Background and purpose
The two most common complications of femoral impaction bone grafting are femoral fracture and massive implant subsidence. We investigated fracture forces and implant subsidence rates in embalmed human femurs undergoing impaction grafting. The study consisted of two arms, the first examining the force at which femoral fracture occurs in the embalmed human femur, and the second examining whether significant graft implant/subsidence occurs following impaction at a set force at two different impaction frequencies.
Using a standardized impaction grafting technique with modifications, an initial group of 17 femurs underwent complete destructive impaction testing, allowing sequentially increased, controlled impaction forces to be applied until femoral fracture occurred. A second group of 8 femurs underwent impaction bone grafting at constant force, at an impaction frequency of 1 Hz or 10 Hz. An Exeter stem was cemented into the neomedullary canals. These constructs underwent subsidence testing simulating the first 2 months of postoperative weight bearing.
No femurs fractured below an impaction force of 0.5 kN. 15/17 of the femurs fractured at or above 1.6 kN of applied force. In the second group of 8 femurs, all of which underwent femoral impaction grafting at 1.6 kN, there was no correlation between implant subsidence and frequency of impaction. Average subsidence was 3.2 (1–9) mm.
It is possible to calculate a force below which no fracture occurs in the embalmed human femur undergoing impaction grafting. Higher impaction frequency at constant force did not reduce rates of implant subsidence in this experiment.
Failure of suture anchor fixation in rotator cuff repair can occur at different interfaces. Prior studies show fixation at the bone-anchor interface can be augmented using polymethylmethacrylate (PMMA) cement, and screw fixation into bone can be strengthened using bioabsorbable tricalcium phosphate cement.
We wished to determine whether augmentation of suture anchor fixation using bioabsorbable tricalcium phosphate cement would increase pullout strength of suture anchors from bone and the number of cycles to failure, to determine the mode of failure after cement augmentation, and to compare strength and mode of failure with those after augmentation with PMMA.
We used 10 matched pairs of cadaveric proximal humeri and implanted a metal screw-type suture anchor in one side and on the other side injected tricalcium phosphate cement into the anchor holes before anchor placement. We tested all specimens to failure using a ramped cyclic loading protocol.
Tricalcium phosphate cement augmentation increased the final load to failure by 29% and the number of cycles to failure by 20%. Visual inspection confirmed that failure occurred at the cement-bone interface.
Tricalcium phosphate cement appears to augment suture anchor fixation into bone, reducing the risk of anchor pullout and failure.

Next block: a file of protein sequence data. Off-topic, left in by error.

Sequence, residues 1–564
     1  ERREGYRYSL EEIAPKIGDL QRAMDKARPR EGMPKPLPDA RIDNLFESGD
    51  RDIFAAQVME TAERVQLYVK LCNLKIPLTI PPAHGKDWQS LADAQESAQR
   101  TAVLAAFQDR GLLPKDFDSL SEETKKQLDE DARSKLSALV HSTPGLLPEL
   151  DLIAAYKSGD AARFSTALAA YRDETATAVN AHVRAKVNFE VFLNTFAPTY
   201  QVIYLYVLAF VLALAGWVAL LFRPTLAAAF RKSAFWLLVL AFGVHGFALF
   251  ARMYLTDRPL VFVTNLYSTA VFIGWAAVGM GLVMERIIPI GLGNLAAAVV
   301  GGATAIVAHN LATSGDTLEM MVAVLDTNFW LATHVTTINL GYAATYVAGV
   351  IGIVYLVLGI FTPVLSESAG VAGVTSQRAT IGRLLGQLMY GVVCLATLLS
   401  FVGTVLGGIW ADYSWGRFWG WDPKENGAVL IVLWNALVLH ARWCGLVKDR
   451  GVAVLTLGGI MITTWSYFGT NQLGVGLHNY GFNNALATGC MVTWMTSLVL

When relying on suture anchor fixation in bone of questionable quality, we suggest considering augmentation of suture anchor fixation with bioabsorbable cement. This method also provides potential for bioabsorbability and may be more amenable to arthroscopic application.
Conventional internal fixation entails the use of an interfragmentary lag screw along with a plate. Not all acetabular fractures are amenable to the placement of an interfragmentary lag screw, and the fracture may be displaced during tightening of the interfragmentary lag screw. Locking plates are a possible solution. We sought to determine whether a locking plate construct can provide stability equivalent to that provided with a conventional construct for transverse acetabular fractures.
We used 5 paired fresh-frozen cadaveric acetabula. We fixed one side with the conventional technique and the other side with a locking plate. We subjected each fixation to a cyclic compressive force up to 500 cycles, followed by compressive force until failure. We monitored 3-dimensional motion of the fracture.
The average fracture gap at 50 N compressive force after 500 loading cycles was 0.41 (standard deviation [SD] 0.49) mm for the conventional plate and lag screw construct compared with 0.76 (SD 0.62) mm for the locked plate construct (p = 0.46). The force to failure, as defined by 2 mm of fracture gap, was 848 (SD 805) N for the conventional plate and lag screw construct compared with 506 (SD 277) N for the locked plate fixation (p = 0.34).
The locking plate construct is as strong as the conventional plate plus interfragmentary lag screw construct for fixing transverse acetabular fractures. Locking plates may improve management of acetabular fractures by eliminating the need for placement of an interfragmentary lag screw. Furthermore, they may be helpful in revision hip arthroplasty in patients with pelvic discontinuity.
Fins incorporated into the design of a dynamic cervical spine implant have been employed to enhance axial load-bearing ability, yet their true biomechanical advantages, if any, have not been defined. Therefore, the goal of this study was to assess the biomechanical and axial load-bearing contributions of the fin components of the DOC ventral cervical stabilization system. Eighteen fresh cadaveric thoracic vertebrae (T1-T3) were obtained. Three test conditions were devised and studied: Condition A (DOC implants with fins were placed against the superior endplate and bone screws were not inserted); Condition B (DOC implant without fins was placed and bone screws were inserted); and Condition C (DOC implant with fins were placed against the superior endplate and bone screws were inserted). Specimens were tested by applying a pure axial compressive load to the superior platform of the DOC construct, and load-displacement data were collected. Condition C specimens had the greatest stiffness (459 ± 80 N/mm) and yield load (526±168 N). Condition A specimens were the least stiff (266±53 N/mm), and had the smallest yield loads (180±54 N). The yield load of condition A plus condition B was approximately equal to that of condition C, with condition A contributing about one-third and condition B contributing two-thirds of the overall load-bearing capacity. Although the screws alone contributed to a substantial portion of axial load-bearing ability, the addition of the fins further increased load-bearing capabilities.
Biomechanics; cervical plate; fins